A lost Roman camp where more than 600 legionaries may have been stationed has been discovered in Scotland.
The marching camp - complete with 26 fire pits - was found in Ayr as building of the town's new academy got underway.
The Roman-era relevance of the site was at first not obvious given only fragments of much earlier Neolithic Pottery and an Iron Age bangle were discovered.
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However, post-excavation analysis revealed a pattern of features that date to the Roman invasion of Scotland - then known as Caledonia - during the latter part of the first century AD.
Until now, the only two known routes for the Roman invasion of southern Scotland were further to the east, with today's M74 and A68 roads following the same course.
The new marching camp at Ayr reveals another route down the west coast of Scotland towards the south-west tip of the country, from where Ireland is readily visible.
Iraia Arabaolaza, who directed the excavation for GUARD Archaeology, said: "The Roman features comprised 26 large, often double, fire-pits that were distributed evenly in two parallel rows 30m apart.
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"The arrangement and uniformity of these features implies an organised layout and the evidence suggests they were all used for baking bread."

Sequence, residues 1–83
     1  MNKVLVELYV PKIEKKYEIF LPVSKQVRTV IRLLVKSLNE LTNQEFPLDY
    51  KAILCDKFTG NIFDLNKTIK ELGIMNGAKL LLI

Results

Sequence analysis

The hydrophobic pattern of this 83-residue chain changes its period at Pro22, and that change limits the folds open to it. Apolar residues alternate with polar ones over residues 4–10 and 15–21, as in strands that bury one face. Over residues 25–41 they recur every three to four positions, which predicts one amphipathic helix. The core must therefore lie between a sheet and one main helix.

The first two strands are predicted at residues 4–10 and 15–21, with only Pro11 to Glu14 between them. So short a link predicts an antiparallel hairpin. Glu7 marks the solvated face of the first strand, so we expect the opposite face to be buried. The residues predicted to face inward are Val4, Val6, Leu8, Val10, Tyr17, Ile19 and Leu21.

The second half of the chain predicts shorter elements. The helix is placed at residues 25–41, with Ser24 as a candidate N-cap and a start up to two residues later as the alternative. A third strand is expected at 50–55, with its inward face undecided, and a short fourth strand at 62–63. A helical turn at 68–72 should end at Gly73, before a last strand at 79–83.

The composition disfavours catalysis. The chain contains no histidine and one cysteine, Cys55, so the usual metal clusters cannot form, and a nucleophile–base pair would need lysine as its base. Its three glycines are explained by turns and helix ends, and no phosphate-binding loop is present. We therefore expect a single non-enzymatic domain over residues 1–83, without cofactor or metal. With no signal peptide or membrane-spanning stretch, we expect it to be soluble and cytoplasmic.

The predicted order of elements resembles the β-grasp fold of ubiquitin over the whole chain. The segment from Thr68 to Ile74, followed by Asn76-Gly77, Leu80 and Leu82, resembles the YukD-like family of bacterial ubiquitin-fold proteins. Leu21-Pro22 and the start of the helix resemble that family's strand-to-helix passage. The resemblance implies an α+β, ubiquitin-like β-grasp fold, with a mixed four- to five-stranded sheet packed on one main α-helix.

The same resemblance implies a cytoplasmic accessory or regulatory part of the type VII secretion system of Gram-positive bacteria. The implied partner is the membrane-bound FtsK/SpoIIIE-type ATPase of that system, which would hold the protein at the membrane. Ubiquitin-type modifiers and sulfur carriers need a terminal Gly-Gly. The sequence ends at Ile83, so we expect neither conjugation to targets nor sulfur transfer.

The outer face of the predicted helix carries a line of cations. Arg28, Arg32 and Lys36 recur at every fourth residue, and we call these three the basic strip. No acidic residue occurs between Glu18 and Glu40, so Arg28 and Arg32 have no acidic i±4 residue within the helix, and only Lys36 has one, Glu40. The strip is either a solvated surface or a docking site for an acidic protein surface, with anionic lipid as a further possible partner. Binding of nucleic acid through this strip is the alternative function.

Burnt clay fragments were also recovered as well as a series of ash pits, which were filled with burn and charcoal-rich soil made from the raked-out contents of the clay-domed ovens.
Radiocarbon testing on the fire pits dated them to between 77 and 86AD to 90AD, which chimes with the invasion of Scotland by the Roman General Agricola.
Ms Arabaolaza said the Ayr marching camp is 20 miles south from the nearest known camp at Girvan, the equivalent of a day's march for a Roman soldier.
Another camp can be found to the north-east near Strathaven.
"Altogether, this suggests that the site was chosen as a strategic location for the Roman conquest of Ayrshire," Ms Arabaolaza said.
Roman marching camps were the temporary bases of a tented army on campaign.
Mr Arabaolaza said dimension of the area given to the fire pits suggested the camp may have been home to around 640 legionaries.
It is also possibly that only a portion of the camp has been found, she added.
The excavation of the Ayr Academy site also revealed a raft of earlier archaeological remains.
Evidence of Bronze Age ritual activity from the late third and second millennium BC, a Neolithic settlement from the fourth millennium BC and a Mesolithic hunter/gatherer camp from the sixth millennium BC was also discovered.
Ms Arabaolaza said the site one of the earliest and most complex prehistoric sites in this part of the west coast.
She added: "To put this into perspective, the earliest occupation of the Ayr Academy site goes back to around 5,200BC, roughly two-and-a-half times as old as the Roman Marching Camp is to us.
"As the excavation at Ayr Academy demonstrates, Scotland was not an untouched wild landscape that the Romans marched into in AD79 but already an ancient land inhabited by communities whose culture and heritage stretch back millennia."
Ms Arabaolaza presented her findings to the Archaeological Research in Progress 2019 Conference, organised by the Society of Antiquaries of Scotland, at the weekend.